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Whether you are exploring Nottinghamshire on foot, by bicycle or by car there are plenty of ways to find out more about its rich political, industrial and cultural past. We have produced a series of free downloadable trails which will guide you around the key destinations during your visit.
For more information on trails across Nottinghamshire, visit the Nottingham Tourism Centre on Smithy Row - just off Old Market Square.
Learn more about Robin Hood. . .
The tales of Nottinghamshire’s legendary outlaw Robin Hood have been retold down the generations. For any keen Robin Hood fans a must-do experience is to walk around the city centre with Robin Hood himself on a Robin Hood Town Tour.
The Sherwood Forest Adventurer's Map is a new map which offers a tourist trail to visitors to Robin Hood country. Not only does it feature the landmarks associated with Robin Hood, but other nearby attractions like Newstead Abbey, Creswell Crags and Maypole village of Wellow.
See how Watson Fothergill shaped the city . . .
Victorian architect Watson Fothergill's distinctive red-brick buildings can be seen throughout the city. Download the Watson Fothergill Architect Trail, produced in conjunction with RIBA East Midlands and Castle Rock Brewery, and see the grand banks and newspaper offices - as well as his own elaborate offices in the Lace Market.
Walk with nature. . .
Nottingham Arboretum is a beautiful, historic park dating back to 1852 and located close to the city centre. Said to be the inspiration behind J.M Barrie’s Neverland, it has a collection of over 800 trees, some of which are from the original collection planted in the 19th century. When visiting, make sure to enjoy the Tree Trail and Heritage Trail to fully appreciate the Arboretum’s rich history. You could definitely lose yourself in Neverland here.
A beautiful walking trail can be found at Dukes Wood. Located on the site of the UK’s first oilfield, the ancient woodland is dominated by oak, ash, hazel and birch and many species of wild orchid, including the habitat of the rare Vetch Nissola (found only in one other location in the UK). Along this trail expect to see the bronze statue of the The Oil Patch Warrior, commemorating the American 'Roughnecks of Sherwood Forest,' before you end up at the Oil Museum to discover the story of UK Oil fields both offshore and onshore and the triumphs and the tragedies of the people who discovered and produced Oil and Gas.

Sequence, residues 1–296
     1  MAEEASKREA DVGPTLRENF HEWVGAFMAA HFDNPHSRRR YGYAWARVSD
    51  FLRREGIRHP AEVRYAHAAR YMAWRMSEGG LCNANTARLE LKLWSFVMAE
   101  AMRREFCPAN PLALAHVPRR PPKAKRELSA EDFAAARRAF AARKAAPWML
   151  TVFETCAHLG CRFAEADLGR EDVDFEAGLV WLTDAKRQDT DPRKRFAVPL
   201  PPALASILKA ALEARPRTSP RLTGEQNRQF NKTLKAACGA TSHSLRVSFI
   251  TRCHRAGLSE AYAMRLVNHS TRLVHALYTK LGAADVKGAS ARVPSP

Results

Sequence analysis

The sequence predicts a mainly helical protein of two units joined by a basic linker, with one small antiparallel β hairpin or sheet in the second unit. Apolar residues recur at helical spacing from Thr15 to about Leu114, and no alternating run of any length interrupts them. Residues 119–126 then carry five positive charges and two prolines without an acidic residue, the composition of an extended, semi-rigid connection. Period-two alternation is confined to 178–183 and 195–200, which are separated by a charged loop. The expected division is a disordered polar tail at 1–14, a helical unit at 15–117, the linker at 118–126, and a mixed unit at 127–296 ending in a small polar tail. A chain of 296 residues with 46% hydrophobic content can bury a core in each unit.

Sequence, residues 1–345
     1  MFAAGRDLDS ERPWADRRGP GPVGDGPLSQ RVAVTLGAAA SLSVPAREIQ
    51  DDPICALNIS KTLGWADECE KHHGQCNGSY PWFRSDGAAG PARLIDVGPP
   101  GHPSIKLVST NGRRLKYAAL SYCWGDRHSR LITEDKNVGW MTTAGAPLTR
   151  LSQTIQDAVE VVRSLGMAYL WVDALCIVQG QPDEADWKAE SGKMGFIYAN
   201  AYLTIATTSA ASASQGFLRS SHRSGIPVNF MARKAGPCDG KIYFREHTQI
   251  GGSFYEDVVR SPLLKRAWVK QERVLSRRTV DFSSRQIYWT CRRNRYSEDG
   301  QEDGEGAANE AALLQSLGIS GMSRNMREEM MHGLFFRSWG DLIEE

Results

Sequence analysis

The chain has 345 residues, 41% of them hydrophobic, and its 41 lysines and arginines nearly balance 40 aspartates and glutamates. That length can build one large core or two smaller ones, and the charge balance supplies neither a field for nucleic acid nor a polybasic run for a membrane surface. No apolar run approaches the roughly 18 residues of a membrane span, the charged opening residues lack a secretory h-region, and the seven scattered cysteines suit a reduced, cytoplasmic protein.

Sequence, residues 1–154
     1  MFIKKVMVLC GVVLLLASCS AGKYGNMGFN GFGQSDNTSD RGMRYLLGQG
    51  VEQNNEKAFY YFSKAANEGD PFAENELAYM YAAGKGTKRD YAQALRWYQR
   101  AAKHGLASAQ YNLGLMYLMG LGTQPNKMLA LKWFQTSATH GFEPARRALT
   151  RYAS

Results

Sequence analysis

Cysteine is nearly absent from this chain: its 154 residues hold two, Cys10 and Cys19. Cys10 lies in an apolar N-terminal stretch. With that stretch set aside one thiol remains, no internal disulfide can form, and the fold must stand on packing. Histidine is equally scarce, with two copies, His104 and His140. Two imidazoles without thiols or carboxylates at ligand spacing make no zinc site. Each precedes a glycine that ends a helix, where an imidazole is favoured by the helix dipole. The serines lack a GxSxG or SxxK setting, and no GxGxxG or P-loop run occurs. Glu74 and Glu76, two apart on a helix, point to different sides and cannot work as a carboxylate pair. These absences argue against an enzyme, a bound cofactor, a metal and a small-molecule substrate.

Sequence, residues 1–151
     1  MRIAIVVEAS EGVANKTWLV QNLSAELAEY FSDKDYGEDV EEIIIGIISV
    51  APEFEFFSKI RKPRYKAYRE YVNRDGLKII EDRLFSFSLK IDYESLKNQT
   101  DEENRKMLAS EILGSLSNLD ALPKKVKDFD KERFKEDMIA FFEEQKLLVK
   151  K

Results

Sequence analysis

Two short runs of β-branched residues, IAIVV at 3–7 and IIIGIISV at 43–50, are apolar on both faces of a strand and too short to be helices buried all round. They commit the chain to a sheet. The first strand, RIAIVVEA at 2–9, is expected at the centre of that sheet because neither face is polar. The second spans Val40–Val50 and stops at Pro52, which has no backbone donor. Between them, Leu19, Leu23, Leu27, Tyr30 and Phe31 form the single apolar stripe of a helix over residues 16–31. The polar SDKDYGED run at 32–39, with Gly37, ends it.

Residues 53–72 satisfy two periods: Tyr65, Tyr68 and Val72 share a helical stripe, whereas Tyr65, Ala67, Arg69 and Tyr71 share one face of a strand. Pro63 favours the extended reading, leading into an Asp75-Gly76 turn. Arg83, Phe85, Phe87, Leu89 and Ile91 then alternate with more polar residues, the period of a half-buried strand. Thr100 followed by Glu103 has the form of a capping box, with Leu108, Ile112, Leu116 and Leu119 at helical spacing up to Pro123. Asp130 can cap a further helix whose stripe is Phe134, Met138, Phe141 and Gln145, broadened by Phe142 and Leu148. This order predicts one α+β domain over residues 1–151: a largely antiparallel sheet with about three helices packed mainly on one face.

Historic Nottinghamshire. . .
There are many special trails in Nottinghamshire that are perfect for history lovers.
The Gedling to Ashfield Trail explores some of the heritage attractions just north of Nottingham, including Papplewick Pumping Station.
The Civil War Trail takes in many of the sites and buildings that relate to the period, as Nottinghamshire played a central role in the conflicts of the Civil War. In 2015, the National Civil War Centre will open and will be the central museum in the country for information and exhibits on the Civil War.
Nearby, the Southwell Heritage Trail highlights some of the top attractions in and around the area.
Travel further into north Nottinghamshire and you will discover Pilgrim Fathers’ Country. Discover more about the historic sites associated with the principal players in the Pilgrim Fathers story at your own leisure on the Pilgrim Fathers Trail.
Come back into the city of Nottingham and the History on the #35 bus is a special historic route which passes near nine of Nottingham’s 15 Domesday communities, the site of a Roman Fort and the world’s first known railway built in 1603–4.
Nottinghamshire’s literary legends. . .
From D.H. Lawrence to Lord Byron, Nottinghamshire has been home to some literary greats. The Blue Line Trail offers Lawrence fans the opportunity to walk in his footsteps, stopping by several points of interest along the way. Places of interest along the route are The Sun Inn, which features in Sons and Lovers and D.H Lawrence Birthplace Museum, a museum dedicated to his life.
Elsewhere, the Gedling Heritage Guide takes in an abundance of fascinating heritage attractions, including the ancestral home of Lord Byron, Iron Age settlements and grand relics of our industrial past.